The BMW Group is using a new augmented reality (AR) application in its vehicle concept and prototype engineering departments, which it claims is speeding up the development process by as much as 12 months.
The use of AR goggles allows real geometries – on a vehicle body, for instance – to be overlaid with true-to-scale holographic 3D models, so a range of concept variants and assembly processes for future series vehicles can be assessed flexibly and cost-efficiently.
Michael Schneider, head of Complete Vehicle at the Pilot Plant, explained, “The AR goggles and CAD data allow us to find out much more quickly whether the production worker will be able to fit the component properly later on, in series production. That way, we need far fewer test setups.”
Christoph Leibetseder, head of Digitalization, Prototyping and Measurement Technologies at the BMW’s Pilot Plant, added, “Another key advantage is that it saves us time and money when we integrate new vehicles into production.”
BMW’s Pilot Plant, where the technology is being deployed, is located at its Research & Innovation Centre in Munich, with three further associated facilities to the north of the city, in Hallbergmoos, Oberschleissheim and Garching. With a total area of 100,000m2 , it houses an 850-strong workforce, which works on up to six vehicle projects simultaneously.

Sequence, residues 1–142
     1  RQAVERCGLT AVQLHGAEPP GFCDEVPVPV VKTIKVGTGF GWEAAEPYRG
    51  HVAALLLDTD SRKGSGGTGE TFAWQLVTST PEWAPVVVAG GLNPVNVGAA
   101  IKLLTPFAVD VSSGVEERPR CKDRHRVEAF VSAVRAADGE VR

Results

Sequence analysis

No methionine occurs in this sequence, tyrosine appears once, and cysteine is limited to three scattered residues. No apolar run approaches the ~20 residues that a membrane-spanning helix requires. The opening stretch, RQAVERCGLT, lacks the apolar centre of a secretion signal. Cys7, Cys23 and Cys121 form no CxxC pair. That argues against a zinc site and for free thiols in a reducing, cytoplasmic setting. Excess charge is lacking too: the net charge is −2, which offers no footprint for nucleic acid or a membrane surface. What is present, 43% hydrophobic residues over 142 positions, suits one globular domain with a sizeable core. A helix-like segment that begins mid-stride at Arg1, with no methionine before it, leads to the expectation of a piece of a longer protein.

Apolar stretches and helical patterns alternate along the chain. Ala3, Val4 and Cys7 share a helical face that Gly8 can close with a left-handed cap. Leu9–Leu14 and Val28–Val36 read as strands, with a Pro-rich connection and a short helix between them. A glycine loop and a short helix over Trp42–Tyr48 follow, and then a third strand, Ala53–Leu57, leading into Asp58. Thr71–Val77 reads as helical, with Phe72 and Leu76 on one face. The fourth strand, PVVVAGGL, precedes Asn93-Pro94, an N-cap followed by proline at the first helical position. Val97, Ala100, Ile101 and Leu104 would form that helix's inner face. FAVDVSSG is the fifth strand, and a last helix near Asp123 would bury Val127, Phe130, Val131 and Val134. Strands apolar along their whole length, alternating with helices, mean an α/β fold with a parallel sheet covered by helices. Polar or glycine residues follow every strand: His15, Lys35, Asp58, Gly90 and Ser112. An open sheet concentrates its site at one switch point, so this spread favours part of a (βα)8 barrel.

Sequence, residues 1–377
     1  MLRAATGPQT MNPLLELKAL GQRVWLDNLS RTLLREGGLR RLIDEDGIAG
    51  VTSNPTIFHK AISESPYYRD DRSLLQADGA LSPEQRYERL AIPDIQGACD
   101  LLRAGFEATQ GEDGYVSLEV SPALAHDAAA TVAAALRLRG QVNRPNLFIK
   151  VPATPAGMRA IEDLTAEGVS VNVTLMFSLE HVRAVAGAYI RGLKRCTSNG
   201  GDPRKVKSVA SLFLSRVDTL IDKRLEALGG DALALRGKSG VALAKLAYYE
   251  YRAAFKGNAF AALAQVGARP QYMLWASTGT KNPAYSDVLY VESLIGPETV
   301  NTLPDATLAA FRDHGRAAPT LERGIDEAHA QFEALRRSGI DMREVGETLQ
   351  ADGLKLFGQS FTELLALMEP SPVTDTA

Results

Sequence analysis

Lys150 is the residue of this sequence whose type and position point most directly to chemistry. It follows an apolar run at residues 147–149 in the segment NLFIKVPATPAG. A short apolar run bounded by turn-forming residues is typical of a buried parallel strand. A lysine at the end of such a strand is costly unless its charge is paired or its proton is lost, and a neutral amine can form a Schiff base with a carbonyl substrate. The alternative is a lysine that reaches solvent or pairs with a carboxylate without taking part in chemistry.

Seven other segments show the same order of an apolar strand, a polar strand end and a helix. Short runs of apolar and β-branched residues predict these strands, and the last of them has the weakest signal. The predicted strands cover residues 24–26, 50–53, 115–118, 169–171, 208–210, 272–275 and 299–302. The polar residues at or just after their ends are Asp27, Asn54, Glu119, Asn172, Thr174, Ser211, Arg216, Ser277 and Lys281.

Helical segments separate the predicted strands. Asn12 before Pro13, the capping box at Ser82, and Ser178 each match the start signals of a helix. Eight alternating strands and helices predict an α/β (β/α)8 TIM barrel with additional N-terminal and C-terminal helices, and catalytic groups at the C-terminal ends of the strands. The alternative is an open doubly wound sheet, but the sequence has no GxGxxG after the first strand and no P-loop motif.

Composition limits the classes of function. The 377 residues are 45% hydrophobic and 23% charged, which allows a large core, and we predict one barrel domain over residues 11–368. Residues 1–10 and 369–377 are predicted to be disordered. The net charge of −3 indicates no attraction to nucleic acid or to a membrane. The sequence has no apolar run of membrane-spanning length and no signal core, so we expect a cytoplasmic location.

Like the company’s series plants, the Pilot Plant can assemble both electrically and combustion-powered prototypes. As an interface between development and production, the plant allows not only the product but also the series assembly processes to be refined to maturity, ready for transfer to regular plants where they are used in series production.
The Pilot Plant comprises a bodyshop as well as assembly, prototype and concept car construction units, and the Additive Manufacturing Centre, a center of excellence for 3D printing.